Squaw Creek Reservoir, located at the Comanche Peak Nuclear Power Plant between Glen Rose and Granbury, Texas is a clear and deep reservoir. The reservoir serves as the cooling source for two nuclear power units, and due to the warm water generated by the power plant, it is a very popular destination for cold weather fishing.
The lake’s surface area is approximately 3,200 acres, with an average depth of approximately 46 feet. The park’s standard hours of operation are 7 am – 4 pm Thursday through Sunday for bank fishing, and Friday through Sunday on a limited basis for boat fishing.
Due to the limited number of boats allowed per day, reservations are required. Reservations are not required for bank fishing. Squaw Creek Park charges a maintenance and development fee of $30 per boat upon entrance. The admission fee for bank fishing is $5 per person. Admission for bank fishing is free to those ages 16 and under and 80 and over.
During my recent trip to Squaw Creek Reservoir, I found success fishing main lake points in the morning around rocks and laydowns in about 8 – 12 feet of water, with water temps between 73 – 79 degrees.
My baits of choice were the Skirmish Baits AIM 7 Suspending Jerkbait in Clown color, and the Skirmish Baits M9 Square Bill Crankbait in Holographic Cricket Shad. These custom painted baits are available at: www.skirmishbaits.com Use coupon code “rbbass15” for 15% off all non-sale items.
Later in the day, I moved closer to the standing timber and began pitching and casting soft plastics around trees, stickups and laydowns in about 6 – 8 feet of water, with water temps between 79 – 81 degrees. Because of the clear water, I went with a lighter line and weight than I would normally use for heavy cover fishing. My bait of choice for this was the Strike King Zero in New Money color, on 14lb. test fluorocarbon line with a 1/8 oz. tungsten weight. The main lake area is dominated by rocky shorelines with fair amounts of standing timber and laydowns. Other than limited amounts of shoreline vegetation such as cattails, there is currently no aquatic vegetation in the reservoir.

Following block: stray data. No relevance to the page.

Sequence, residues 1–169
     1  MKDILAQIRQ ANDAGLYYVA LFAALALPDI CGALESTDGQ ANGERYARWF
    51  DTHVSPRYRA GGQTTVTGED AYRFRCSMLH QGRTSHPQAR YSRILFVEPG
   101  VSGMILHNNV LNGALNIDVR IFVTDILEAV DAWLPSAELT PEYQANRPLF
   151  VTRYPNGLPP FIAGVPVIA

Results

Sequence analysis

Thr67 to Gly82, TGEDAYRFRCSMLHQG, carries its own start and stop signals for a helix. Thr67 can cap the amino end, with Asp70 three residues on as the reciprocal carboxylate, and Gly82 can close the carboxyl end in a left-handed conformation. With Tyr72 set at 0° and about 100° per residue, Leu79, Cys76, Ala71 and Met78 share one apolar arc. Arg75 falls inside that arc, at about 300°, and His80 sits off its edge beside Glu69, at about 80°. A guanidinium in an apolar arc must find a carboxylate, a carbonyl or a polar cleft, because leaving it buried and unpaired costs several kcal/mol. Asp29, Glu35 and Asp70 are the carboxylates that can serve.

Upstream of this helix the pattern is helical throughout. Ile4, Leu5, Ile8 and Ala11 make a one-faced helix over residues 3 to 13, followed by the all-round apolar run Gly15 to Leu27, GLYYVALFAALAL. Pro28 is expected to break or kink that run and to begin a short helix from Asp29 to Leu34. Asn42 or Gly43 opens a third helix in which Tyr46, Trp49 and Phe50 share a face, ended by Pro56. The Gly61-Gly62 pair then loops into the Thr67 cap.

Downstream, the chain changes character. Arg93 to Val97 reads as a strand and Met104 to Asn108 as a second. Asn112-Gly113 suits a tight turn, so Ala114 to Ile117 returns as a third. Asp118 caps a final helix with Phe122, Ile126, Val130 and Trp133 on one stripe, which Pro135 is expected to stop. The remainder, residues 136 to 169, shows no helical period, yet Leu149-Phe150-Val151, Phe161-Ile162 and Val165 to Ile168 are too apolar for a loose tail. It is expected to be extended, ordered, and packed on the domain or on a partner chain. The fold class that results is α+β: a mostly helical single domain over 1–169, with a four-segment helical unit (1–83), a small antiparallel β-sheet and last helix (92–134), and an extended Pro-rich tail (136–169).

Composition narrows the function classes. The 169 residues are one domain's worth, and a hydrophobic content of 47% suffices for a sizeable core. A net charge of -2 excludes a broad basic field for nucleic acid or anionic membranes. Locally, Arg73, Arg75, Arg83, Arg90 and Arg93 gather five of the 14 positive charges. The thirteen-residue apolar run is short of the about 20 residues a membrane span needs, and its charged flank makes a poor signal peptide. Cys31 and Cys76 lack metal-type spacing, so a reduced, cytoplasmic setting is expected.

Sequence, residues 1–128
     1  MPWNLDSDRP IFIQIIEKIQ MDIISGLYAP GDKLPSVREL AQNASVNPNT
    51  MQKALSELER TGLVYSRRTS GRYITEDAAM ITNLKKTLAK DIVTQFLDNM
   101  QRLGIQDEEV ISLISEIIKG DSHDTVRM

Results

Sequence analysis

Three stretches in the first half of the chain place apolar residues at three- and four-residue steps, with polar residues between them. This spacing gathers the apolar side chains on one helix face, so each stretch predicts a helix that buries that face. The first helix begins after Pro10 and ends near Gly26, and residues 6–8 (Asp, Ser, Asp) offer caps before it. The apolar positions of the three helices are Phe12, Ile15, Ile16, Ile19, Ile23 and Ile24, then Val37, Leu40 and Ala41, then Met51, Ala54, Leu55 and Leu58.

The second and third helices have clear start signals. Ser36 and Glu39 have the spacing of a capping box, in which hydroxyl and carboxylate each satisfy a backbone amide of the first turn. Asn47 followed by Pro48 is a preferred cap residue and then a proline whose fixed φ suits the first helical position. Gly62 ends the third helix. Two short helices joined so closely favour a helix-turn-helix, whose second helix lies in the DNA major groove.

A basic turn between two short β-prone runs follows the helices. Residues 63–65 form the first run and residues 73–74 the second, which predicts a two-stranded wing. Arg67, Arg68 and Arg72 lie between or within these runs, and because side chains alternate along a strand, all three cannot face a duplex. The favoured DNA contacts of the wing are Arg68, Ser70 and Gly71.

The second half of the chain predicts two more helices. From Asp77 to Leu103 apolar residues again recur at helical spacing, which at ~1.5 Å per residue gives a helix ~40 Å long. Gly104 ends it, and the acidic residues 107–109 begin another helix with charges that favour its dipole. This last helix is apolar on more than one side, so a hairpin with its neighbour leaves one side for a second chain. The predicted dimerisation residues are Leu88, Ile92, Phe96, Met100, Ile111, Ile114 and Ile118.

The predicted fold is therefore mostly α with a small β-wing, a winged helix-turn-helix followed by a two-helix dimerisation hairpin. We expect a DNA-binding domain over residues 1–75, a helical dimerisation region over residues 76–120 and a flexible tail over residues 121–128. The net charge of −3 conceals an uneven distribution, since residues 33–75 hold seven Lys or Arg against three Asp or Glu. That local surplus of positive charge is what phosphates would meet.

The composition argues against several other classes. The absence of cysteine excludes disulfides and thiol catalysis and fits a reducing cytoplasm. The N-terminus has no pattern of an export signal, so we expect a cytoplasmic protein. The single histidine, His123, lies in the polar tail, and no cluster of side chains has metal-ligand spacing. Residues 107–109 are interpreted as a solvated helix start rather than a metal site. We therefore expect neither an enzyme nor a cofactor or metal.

Largemouth bass fishing is best during the spring, fall and winter months, when water temps range from the mid 60’s to the mid – high 70’s. At this time of year, bass are caught along shorelines and in coves on spinnerbaits, topwater baits, suspending jerkbaits, crankbaits and soft plastic worms.
I finished the day catching between 20 – 30 bass, with weights between 2 – 4 lbs. In conclusion…Squaw Creek Reservoir is fishing GREAT! During a recent open tournament, it took 22 lbs. to win…in November! Right now, Squaw Creek Reservoir is the perfect place to take someone who doesn’t fish a lot or is new to bass fishing. They definitely will not be bored! So do before it gets too cold…make a reservation, go catch yourself a bunch of bass and have a ball doing it! Until next time…be safe and tight lines!
Darrel Thomas RB BASS Angler